Well-worn paths typically mark the desired way forward. The assumption is that others have walked that route and arrived at their desired destination. Unfamiliar travelers looking for a safe outcome would be foolish to take an alternate path.
The same is not true for missional leaders in our day. It can’t be. Many of us desire to arrive at a destination that’s been shared by kingdom travelers since the advent of the church. We want to see people come to saving faith in Jesus Christ. We long for robust disciples, healthy churches, transformed culture. This destination is fixed for those submitted to the Lordship of Christ and the authority of his Word.
But the path we take if we hope to arrive at this destination can’t be the same well-worn paths of our predecessors. It’s as if the path they took has been ravished by a horrific storm. The sociological, political, and cultural realties of our day have pushed trees over the path—they’ve marred our ability to walk the same way. And, they make it futile to try to walk that path anyway. Of course, we could climb over broken limbs and under hanging branches, but the journey would be slow, cumbersome, and unhelpful. Better to create a new path to the same, inalterable destination.
The Familiar Dichotomies
As I look at the challenges facing the church, I’m increasingly skeptical that our well-worn categories of liberalism and conservatism are a helpful distinction to describe faithfulness to Christ. This is the path marked by some in generations prior. The terminology and methodology that distinguished this path once seemed clear, but now it’s obscured by false dichotomies, harsh assumptions, critical stereotypes, and defunct methods. And this division that is splitting the world’s political landscape has pervasive influence on the modern church.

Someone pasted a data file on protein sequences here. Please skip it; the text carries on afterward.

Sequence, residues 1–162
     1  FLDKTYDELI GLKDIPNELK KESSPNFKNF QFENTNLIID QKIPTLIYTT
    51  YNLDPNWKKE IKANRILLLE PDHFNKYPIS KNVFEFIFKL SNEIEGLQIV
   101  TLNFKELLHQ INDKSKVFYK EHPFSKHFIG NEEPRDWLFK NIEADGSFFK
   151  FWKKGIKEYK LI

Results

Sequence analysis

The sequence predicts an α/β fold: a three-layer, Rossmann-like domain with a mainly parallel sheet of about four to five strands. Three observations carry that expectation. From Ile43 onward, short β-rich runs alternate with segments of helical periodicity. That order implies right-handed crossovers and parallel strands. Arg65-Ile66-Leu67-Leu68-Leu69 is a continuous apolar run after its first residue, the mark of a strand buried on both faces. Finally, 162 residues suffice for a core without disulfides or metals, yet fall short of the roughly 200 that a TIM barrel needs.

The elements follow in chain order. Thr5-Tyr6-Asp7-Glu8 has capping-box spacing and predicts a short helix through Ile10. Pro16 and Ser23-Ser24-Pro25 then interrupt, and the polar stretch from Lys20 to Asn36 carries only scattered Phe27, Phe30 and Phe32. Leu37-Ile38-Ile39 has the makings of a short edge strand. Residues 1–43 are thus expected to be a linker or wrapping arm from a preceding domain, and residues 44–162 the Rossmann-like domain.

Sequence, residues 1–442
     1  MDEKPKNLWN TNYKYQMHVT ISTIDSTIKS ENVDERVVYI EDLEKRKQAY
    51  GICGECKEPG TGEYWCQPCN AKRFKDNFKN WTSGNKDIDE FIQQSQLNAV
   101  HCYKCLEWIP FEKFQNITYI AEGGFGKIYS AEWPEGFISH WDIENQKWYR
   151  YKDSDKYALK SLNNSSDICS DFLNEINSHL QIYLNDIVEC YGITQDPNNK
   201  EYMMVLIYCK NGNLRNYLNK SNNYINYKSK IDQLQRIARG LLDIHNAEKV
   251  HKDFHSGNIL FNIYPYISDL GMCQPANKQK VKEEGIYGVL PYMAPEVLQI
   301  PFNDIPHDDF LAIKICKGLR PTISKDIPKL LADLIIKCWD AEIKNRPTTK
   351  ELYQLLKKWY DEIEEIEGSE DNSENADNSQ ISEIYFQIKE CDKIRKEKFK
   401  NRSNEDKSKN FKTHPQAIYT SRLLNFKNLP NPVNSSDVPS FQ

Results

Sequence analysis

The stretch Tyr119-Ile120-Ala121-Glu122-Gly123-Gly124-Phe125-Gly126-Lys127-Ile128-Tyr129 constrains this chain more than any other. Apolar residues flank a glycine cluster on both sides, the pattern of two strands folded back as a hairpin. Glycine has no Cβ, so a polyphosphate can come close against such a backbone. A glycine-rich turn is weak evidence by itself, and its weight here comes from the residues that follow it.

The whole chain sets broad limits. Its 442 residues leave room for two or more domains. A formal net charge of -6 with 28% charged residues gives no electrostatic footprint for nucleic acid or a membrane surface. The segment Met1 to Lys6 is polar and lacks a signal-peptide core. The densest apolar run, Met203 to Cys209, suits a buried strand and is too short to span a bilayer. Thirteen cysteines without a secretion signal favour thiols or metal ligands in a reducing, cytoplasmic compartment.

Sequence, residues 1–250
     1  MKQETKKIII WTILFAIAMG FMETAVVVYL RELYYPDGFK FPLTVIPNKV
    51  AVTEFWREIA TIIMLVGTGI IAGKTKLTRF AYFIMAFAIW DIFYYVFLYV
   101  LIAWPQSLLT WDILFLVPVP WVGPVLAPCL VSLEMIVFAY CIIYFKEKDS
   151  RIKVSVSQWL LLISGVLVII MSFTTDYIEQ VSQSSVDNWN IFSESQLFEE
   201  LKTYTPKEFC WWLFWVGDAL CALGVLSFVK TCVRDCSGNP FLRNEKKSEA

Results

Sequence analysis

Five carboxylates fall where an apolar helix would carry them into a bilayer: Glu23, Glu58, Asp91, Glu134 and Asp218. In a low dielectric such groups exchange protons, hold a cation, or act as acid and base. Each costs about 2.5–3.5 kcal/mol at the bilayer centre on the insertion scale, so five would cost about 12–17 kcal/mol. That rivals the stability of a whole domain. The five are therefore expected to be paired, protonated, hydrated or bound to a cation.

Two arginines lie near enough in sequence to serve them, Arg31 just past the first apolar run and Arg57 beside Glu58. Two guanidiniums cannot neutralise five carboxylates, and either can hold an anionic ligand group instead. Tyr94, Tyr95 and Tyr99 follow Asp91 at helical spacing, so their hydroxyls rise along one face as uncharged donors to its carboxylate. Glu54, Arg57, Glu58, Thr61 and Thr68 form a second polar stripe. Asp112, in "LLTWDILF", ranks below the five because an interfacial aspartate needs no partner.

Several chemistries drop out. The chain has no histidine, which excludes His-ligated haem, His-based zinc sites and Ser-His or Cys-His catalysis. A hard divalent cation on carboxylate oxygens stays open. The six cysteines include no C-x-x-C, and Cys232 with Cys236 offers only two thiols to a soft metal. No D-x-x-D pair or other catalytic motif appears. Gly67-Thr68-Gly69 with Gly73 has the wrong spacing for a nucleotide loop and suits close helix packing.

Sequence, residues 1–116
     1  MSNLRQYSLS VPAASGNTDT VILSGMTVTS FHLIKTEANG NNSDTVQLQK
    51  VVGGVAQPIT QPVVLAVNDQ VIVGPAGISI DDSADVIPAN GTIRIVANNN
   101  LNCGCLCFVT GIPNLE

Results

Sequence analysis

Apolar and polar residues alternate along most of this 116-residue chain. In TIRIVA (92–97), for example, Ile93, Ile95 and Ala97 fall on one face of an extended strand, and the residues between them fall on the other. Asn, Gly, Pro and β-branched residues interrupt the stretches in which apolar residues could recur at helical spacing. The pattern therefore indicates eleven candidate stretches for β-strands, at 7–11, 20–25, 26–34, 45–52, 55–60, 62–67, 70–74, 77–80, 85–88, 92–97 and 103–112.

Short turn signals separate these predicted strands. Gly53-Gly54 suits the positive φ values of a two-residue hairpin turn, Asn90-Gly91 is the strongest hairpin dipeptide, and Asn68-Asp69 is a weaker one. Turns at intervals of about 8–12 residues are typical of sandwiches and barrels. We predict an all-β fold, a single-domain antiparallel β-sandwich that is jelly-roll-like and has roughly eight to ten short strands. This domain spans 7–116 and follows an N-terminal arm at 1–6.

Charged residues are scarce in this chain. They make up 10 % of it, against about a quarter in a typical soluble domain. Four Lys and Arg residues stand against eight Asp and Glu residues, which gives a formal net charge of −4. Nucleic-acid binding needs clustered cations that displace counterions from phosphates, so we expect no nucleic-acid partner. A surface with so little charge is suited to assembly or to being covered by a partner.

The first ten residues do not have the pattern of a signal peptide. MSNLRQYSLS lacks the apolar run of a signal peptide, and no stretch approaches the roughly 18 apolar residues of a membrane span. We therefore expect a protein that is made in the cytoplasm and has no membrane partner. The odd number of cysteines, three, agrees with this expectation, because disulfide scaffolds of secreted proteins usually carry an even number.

We look at the well-worn path of previous generations and we have two options.
We can follow their lead and walk the same path. We can attempt to reorganize a moral majority and return to social prominence. We can try slice and dice our theological nuance and skewer those with whom we disagree in an effort to return to our perceived golden era. We can allow our own needs and nostalgic preference to drive our mission.
But the instinct to turn inward and backward is always a dead end. It’s an instinct driven by fear, not by love. It’s a selfishness that rallies its tribe toward a provincial self-preservation of its rights, not a missionary force that sacrifices its rights for a greater spiritual harvest. Inwards and backwards is the defensive position of a losing cause.
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Source: Christianity Today